As You Wish by Chelsea Sedoti
Published by Sourcebooks Fire and expected to release Jan. 2018
Genre: Magical Realism
So! Hmm. I, umm. I don’t know, y’all. I’m getting really tired of writing reviews that are somewhere between good and bad. Maybe I’m the problem. I swear I’m only requesting books I’m sure I’ll like! And then, I don’t know. Ugh.
I will say I really enjoyed it for a while. The first chapter hooked me. There is A LOT to love about this book, but I was left feeling very “meh” about it. So… another pro/con list it is!
In the sandy Mojave Desert, Madison is a small town on the road between nothing and nowhere. But Eldon wouldn’t want to live anywhere else, because in Madison, everyone gets one wish—and that wish always comes true.
Some people wish for money, some people wish for love, but Eldon has seen how wishes have broken the people around him. And with the lives of his family and friends in chaos, he’s left with more questions than answers. Can he make their lives better? How can he be happy if the people around him aren’t? And what hope is there for any of them if happiness isn’t an achievable dream? Doubts build, leading Eldon to a more outlandish and scary thought: maybe you can’t wish for happiness…maybe, just maybe, you have to make it for yourself.
I was immediately intrigued by this idea. Because while wish-granting is not even kind of a new idea, I hadn’t seen it like this before. I loved the concept of a whole town making wishes. Before I’d even received the book, I found myself thinking about how that may affect a town. Would they turn wishing into an obsession? A religion? Yes. And I love that shit. Because I’m a firm believer in everyone having something they put all their faith in. For these people, it’s wishing, though wishing seems to have ruined most of their lives.
I think there’s something amazing, too, about the age eighteen. These are kids who have to make the biggest decision of their lives. I know that my dreams and motivations at eighteen were nothing like what they are now, ten years later. What if we had to stick with the choices we made at this insane time where we feel like an adult but are really a child? Well, things would suck. I dig that.
Now I’m going to tell you right away that I’m not in the majority here. I read the other reviews and people really don’t like Eldon, our narrator. I have expressed on many occasions that I don’t need to like a character to like a book. And while I don’t like Eldon and wouldn’t want to hang out with him, I understand him. I think that’s what is important. He has clear motivations for being the asshole he is. His confusion and angst make perfect sense.
His best friend Merrill (I can’t with these names, y’all) is great. Hilarious and exactly the weird little conspiracy theorist you expect to live in the middle of nowhere.
The people of the town have such horrific stories and so much regret and I think their brokenness is absolutely beautiful.
In preparation for his wish, Eldon gathers stories about people in the town and their wishes. Everyone pretty much knows everyone’s wishes, but he gets the backstories, the why’s and the wherefore’s. These chapters change voice and are, for me, the best writing in the book. A couple of times I said profanities aloud, reading these chapters. They’re beautiful, and they are the part of the book I will remember now that it’s over.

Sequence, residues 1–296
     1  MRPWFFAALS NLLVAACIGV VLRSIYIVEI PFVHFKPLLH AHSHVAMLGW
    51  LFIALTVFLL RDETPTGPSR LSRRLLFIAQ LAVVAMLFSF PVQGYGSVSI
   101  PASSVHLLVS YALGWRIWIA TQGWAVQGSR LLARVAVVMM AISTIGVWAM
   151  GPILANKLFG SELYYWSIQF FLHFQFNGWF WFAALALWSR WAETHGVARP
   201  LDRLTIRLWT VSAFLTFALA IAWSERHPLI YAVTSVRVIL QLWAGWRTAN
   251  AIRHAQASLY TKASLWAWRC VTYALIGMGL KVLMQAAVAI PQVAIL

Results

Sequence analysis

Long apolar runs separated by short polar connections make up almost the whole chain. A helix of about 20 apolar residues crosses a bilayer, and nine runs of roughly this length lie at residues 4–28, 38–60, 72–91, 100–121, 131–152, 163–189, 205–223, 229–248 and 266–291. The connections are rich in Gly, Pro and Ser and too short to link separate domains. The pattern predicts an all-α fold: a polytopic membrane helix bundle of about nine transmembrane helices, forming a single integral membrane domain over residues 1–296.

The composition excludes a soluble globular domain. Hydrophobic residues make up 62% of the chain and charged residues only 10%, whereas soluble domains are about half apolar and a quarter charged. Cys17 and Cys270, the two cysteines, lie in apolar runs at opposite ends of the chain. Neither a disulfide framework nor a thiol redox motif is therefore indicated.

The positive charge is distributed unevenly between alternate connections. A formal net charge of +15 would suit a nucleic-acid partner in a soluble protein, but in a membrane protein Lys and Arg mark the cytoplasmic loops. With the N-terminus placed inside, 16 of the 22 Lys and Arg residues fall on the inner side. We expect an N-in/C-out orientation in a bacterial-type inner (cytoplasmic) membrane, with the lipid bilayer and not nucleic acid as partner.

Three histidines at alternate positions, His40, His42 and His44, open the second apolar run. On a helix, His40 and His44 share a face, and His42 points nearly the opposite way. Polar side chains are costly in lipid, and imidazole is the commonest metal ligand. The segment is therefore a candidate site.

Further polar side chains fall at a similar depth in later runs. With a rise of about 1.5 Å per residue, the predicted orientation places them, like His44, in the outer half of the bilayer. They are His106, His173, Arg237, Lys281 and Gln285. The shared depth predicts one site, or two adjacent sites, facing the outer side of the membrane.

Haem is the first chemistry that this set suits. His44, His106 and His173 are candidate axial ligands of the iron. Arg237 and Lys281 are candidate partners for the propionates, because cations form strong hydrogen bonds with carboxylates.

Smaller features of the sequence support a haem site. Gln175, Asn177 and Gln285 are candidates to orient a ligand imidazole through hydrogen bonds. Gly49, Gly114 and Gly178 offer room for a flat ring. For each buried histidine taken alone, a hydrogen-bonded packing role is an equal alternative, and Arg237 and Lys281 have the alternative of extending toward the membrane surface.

This is a BIG one for me. Women are not well-represented in As You Wish. The guys make shallow wishes, yeah. (Eldo’s dad as an example.) But we also see a lot of men who made wishes that, while not necessarily good decisions, make sense. We only even get the perspective of a few women, and most are pretty absurd. Girls have dreams outside of being prettiest. Girls have dreams outside of making boys fall in love with them. We really only get two girls who seem to make admirable wishes? And one is one of the blandest characters ever and one is a little obnoxious and Eldon talks shit on her constantly.
There’s also a moment that could potentially really alienate asexuals, and I can’t stand that.
It’s a long book, but I’d have a pretty hard time telling you things that happen in it. There are very few actual events, which makes it really easy to put down. The most exciting parts, for me, were the parts from the past. There just wasn’t enough really moving things forward in the present.
Because of this, a lot all happens at once. And Eldon flips all at once, and it makes his change a little hard to grasp. Does Eldon grow? I mean, technically, yeah. It’s not so much growth as an abrupt and complete reversal of who he was for the first 350 pages. It didn’t feel very realistic, and it left me feeling unfulfilled.
I’m a person who needs closure. Not necessarily emotional closure, which we kind of? get here. But I really wanted to know SOMETHING about why the cave granted wishes. This is the hardest part to talk about without spoilers, because I can’t tell you what I WANTED to happen without telling you it doesn’t happen. So I’m just going to say I think there was a lot of cool stuff behind the concept that could have been explored, and wasn’t.